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US propylene market faces long H2 as new capacity comes online

The US propylene market is looking bearish for the second half of 2017 as a major capacity addition in the US Gulf Coast is expected to further lengthen supply and lead to more exports, which have already been on the rise.

From January to April, the most recent month for which data is available, the US exported 143,324 mt of propylene, a 15% increase over the same period last year, according to the US International Trade Commission.

Startup of Enterprise Product Partners' 750,000 mt/year propylene-capacity unit in Mont Belvieu, Texas is expected sometime during Q3.

Completion of the propane dehydrogenation unit, only the third of its kind in North America, has suffered repeated delays. It was originally scheduled for completion in Q3 2015.

In fact, some trader sources pointed to these delays earlier in the year to explain, at least in part, why spot and contract pricing shot up on tightness resulting from planned and unplanned outages in the US Gulf Coast region during Q1.

Spot refinery-grade propylene rose nearly 180% from January to a 27-month high of 46 cents/lb ($1,014.11/mt) on a delivered basis in early March; polymer-grade propylene, a higher-purity grade that typically commands a 10-12 cent/lb premium over RGP, jumped nearly 61% for the period to a near 27-month high of 54.25 cents/lb, also on a delivered basis, according to S&P Global Platts data.

Contract pricing, which is driven by spot, followed suit, with March's 52 cents/lb settlement the highest since December 2014, when contracts were assessed at 61.50 cents/lb.

Spot propylene ups and downs

The gains were short-lived, however, with the market falling steeply in April as turnaround season in the US Gulf Coast region wrapped up before stabilizing in May and June.

Propylene markets have seen little support from crude oil pricing, which struggled amid persistent oversupply.

Spot RGP averaged 30.66 cents/lb during H1 2017, closing the period at 25 cents/lb. Spot PGP averaged 43.18 cents/lb, ending June at 38 cents/lb.

The relative strength during H1 versus the year-ago period — spot RGP's average was nearly 60% higher than H1 2016 while spot PGP's was 43% higher — caught some in the market by surprise.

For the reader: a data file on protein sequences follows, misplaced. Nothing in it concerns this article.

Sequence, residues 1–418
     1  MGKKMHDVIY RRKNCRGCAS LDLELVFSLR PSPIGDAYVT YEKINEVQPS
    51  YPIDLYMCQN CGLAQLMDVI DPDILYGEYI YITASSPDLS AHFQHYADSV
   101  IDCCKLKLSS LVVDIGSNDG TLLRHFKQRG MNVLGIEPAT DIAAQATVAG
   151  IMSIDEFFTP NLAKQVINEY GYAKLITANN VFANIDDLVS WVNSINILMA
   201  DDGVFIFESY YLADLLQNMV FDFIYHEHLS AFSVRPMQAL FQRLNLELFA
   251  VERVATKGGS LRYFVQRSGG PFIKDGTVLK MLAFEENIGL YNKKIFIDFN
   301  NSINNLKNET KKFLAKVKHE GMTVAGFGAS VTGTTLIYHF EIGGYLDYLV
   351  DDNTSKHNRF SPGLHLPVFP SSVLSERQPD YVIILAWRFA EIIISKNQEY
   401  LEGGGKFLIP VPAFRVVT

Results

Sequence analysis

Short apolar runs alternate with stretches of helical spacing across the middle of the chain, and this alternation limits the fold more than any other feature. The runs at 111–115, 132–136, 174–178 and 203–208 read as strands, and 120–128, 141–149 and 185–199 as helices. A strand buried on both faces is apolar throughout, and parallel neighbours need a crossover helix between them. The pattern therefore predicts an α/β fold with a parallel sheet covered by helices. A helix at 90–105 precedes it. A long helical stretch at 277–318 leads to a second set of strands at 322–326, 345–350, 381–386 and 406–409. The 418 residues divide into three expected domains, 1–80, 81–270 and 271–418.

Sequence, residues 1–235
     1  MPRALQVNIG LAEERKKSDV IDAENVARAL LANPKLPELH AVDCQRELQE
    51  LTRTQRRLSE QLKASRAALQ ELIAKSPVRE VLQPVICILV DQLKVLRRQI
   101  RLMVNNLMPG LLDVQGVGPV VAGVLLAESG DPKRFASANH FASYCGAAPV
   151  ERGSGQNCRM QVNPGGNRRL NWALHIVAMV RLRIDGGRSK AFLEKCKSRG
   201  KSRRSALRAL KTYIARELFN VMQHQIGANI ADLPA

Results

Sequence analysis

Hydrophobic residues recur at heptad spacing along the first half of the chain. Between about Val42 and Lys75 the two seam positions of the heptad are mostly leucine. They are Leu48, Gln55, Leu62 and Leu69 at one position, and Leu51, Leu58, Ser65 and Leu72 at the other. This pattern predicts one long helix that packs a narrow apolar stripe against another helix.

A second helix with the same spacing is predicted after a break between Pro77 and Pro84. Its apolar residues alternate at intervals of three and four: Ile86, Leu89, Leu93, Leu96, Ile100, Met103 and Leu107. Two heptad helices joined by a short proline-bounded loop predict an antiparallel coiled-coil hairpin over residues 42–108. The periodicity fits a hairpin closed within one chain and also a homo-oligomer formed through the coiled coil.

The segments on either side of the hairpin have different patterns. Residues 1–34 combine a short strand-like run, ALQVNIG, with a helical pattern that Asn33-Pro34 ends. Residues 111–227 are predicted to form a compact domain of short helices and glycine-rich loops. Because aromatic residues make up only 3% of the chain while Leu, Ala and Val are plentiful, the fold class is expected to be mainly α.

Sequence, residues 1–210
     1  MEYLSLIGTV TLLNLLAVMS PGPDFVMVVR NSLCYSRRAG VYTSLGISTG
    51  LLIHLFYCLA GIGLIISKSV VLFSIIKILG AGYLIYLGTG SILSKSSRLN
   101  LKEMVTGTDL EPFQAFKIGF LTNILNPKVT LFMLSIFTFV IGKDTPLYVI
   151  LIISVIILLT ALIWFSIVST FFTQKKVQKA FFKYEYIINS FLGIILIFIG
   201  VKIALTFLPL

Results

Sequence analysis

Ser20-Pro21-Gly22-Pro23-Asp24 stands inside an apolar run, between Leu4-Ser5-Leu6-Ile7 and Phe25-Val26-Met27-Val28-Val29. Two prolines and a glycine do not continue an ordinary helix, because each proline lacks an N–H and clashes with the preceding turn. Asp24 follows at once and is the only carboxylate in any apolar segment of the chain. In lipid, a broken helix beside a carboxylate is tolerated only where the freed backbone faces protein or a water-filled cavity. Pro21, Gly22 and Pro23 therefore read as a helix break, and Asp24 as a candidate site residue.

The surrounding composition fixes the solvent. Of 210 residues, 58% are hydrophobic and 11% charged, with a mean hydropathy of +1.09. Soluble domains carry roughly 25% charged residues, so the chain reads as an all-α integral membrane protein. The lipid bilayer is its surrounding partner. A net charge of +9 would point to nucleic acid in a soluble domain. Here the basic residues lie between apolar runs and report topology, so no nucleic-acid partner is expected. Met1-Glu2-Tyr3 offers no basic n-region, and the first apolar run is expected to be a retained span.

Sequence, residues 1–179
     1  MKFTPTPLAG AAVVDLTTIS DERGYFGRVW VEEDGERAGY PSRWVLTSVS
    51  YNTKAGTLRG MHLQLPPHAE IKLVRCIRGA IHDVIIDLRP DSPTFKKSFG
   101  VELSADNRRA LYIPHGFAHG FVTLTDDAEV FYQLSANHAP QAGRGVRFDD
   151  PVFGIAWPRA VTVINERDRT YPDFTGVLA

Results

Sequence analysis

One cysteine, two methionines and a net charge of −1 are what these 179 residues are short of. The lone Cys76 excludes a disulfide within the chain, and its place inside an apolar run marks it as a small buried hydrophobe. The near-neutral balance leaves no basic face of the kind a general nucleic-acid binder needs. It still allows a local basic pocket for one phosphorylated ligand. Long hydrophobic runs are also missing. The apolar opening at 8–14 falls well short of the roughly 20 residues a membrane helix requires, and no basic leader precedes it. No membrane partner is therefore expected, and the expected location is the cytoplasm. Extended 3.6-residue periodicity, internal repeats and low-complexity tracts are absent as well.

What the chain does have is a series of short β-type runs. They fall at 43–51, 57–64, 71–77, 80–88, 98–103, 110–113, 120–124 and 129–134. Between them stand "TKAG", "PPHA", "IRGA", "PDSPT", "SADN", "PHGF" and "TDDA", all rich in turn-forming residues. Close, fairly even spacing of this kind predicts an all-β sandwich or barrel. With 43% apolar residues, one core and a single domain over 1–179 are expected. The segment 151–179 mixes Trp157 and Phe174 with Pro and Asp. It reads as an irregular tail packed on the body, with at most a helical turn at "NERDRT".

This is because US propylene markets have switched from tight to long over the past couple of years amid strong refinery output and more on-purpose production. Heading into the new year, some expected the bearish sentiment to prevail for much of the year.

The startup of Dow Chemical's 750,000 mt/year PDH unit in Freeport, Texas in late 2015 was a significant capacity addition, even though its production is meant for captive use.

Strong refinery utilization rates in recent years have increased output and also pressured prices lower, sources said. Refinery run rates averaged 90.41% through mid-June this year, according to US Energy Information Administration data, even as Q1 production weakened when compared to Q1 2016.

Total US propylene production in Q1 — including chemical sources and refinery sources — decreased nearly 6%, totaling 7.882 million lb against 8.381 million lb in Q1 2016, data from the American Fuel and Petrochemical Manufacturers showed.

The lower production levels during Q1 came amid planned and unplanned steam cracker and refinery outages in the US. Eight steam crackers, one PDH unit, and two splitter outages in Q1 contributed to lower output.

Spot PGP fell 19.25 cents from March 7 to May 12, hitting a four-month low at 35 cents/lb FD USG, Platts data showed.

Spot RGP also fell to a three-month low on June 6 at 21.5 cents/lb FD USG, having shed 24.5 cents from March 8.

Downstream demand, mainly from polypropylene and acrylonitrile markets, started weak in 2017 as the propylene prices shot up, but quickly picked back up once monomer began its descent.

In the polypropylene market, the biggest demand pull for propylene, domestic business was affected by a long dry spell with some producers heard having reduced rates to match the lack of demand.

But as monomer pricing began to fall, PP business began to pick up, with orders for May and June being sold out quickly. PP buyers wanted to buy their contract volumes plus 20%-50% more on top, sources said.

Even with demand from the resin side strong, no major expansions are scheduled online for at least the next two years to absorb the recent and upcoming additions on the propylene side, further feeding the bearish outlook, sources said.